Redwood City denies appeal for tall buildings 

A lawyer’s effort to block a plan that would allow taller buildings next to his downtown property has been rejected by the City Council.

The City Council on Monday rejected an appeal from Joe Carcione Jr., who claims that city officials have ignored the effect those buildings’ shadows would have on his two-story office building at 601 Brewster St.

Redwood City is moving forward with the adoption of a downtown precise plan, which will guide future development in the city’s urban core and new buildings up to 12 stories tall, and eight stories near Carcione’s property. After the Planning Commission adopted an environmental review of the precise plan Feb. 6, Carcione appealed its decision to the City Council.

"It’s not about whether shadows are cast, but whether they are significant," said Valerie Young, contract planner for Redwood City. Under California’s environmental laws, proposals like the precise plan are not required to consider the effects of shadows.

Redwood City has been inconsistent in considering the effects of building shadows, and took them into account with the 21-story Marina Shores Village project, according to Greg Reichen, an attorney who represented Carcione in his appeal.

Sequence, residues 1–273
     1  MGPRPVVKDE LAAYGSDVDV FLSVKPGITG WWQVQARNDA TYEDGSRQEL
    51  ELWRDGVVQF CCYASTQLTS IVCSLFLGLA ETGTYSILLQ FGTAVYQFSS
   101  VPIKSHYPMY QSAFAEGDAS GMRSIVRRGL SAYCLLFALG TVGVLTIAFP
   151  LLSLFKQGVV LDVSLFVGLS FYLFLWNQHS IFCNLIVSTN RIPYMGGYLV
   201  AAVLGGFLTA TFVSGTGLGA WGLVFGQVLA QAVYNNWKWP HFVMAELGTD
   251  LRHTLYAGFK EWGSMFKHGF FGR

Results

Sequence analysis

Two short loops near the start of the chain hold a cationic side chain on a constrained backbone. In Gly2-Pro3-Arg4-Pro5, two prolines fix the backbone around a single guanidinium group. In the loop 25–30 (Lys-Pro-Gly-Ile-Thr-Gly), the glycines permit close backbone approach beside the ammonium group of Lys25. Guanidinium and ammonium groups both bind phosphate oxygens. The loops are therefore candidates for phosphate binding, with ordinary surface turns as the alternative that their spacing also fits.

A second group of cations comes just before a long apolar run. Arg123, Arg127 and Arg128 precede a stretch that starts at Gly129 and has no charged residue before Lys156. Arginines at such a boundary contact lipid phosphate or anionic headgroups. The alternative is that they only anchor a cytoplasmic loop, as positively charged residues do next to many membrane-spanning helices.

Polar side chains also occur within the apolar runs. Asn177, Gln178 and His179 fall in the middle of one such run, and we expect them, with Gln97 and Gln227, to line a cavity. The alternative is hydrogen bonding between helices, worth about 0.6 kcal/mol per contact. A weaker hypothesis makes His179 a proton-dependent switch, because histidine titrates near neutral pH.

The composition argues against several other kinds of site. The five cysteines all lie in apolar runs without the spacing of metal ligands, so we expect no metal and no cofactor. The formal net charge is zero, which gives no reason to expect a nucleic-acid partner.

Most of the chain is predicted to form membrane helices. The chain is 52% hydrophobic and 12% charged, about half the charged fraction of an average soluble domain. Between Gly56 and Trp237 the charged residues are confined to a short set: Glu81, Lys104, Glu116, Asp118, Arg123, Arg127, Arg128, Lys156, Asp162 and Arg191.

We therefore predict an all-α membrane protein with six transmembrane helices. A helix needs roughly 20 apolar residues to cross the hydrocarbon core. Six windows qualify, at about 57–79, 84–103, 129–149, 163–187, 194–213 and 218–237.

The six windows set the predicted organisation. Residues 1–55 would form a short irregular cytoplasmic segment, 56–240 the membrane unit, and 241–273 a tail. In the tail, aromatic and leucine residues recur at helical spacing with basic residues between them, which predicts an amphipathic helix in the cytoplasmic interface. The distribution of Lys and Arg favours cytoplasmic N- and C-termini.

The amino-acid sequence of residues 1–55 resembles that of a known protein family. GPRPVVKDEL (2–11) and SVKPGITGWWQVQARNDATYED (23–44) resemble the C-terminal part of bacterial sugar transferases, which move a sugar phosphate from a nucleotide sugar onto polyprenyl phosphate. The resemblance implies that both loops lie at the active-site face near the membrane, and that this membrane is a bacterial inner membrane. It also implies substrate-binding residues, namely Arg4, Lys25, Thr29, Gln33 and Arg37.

Redwood City examined shadow effects for Marina Shores because the towers would have shadowed existing nearby residences and open space, while new downtown buildings were less likely to do so, according to Planning Manager Jill Ekas.

Carcione could not be reached for comment on the City Council’s decision. However, in his appeal, he suggested an alternative that would allow up to eight stories along Fuller Street, farther away from the footprint of his building.

Shadow studies performed by the city showed that while the precise plan would leave 601 Brewster in shadows for part of the shortest day of the year, Carcione’s alternative would cast shadows on the adjacent Mezesville neighborhood.

"His alternative ... transfers his perceived problem across the street," Mezesville resident Peggy Bruggman said.

Meanwhile, developers continue to refine plans for a condominium building next door to Carcione’s property.

Applications for the project, formerly known as Tuscan Towers and now called the Renaissance, will likely be submitted after the City Council votes on the downtown precise plan March 12, according to architect Kurt Anderson.

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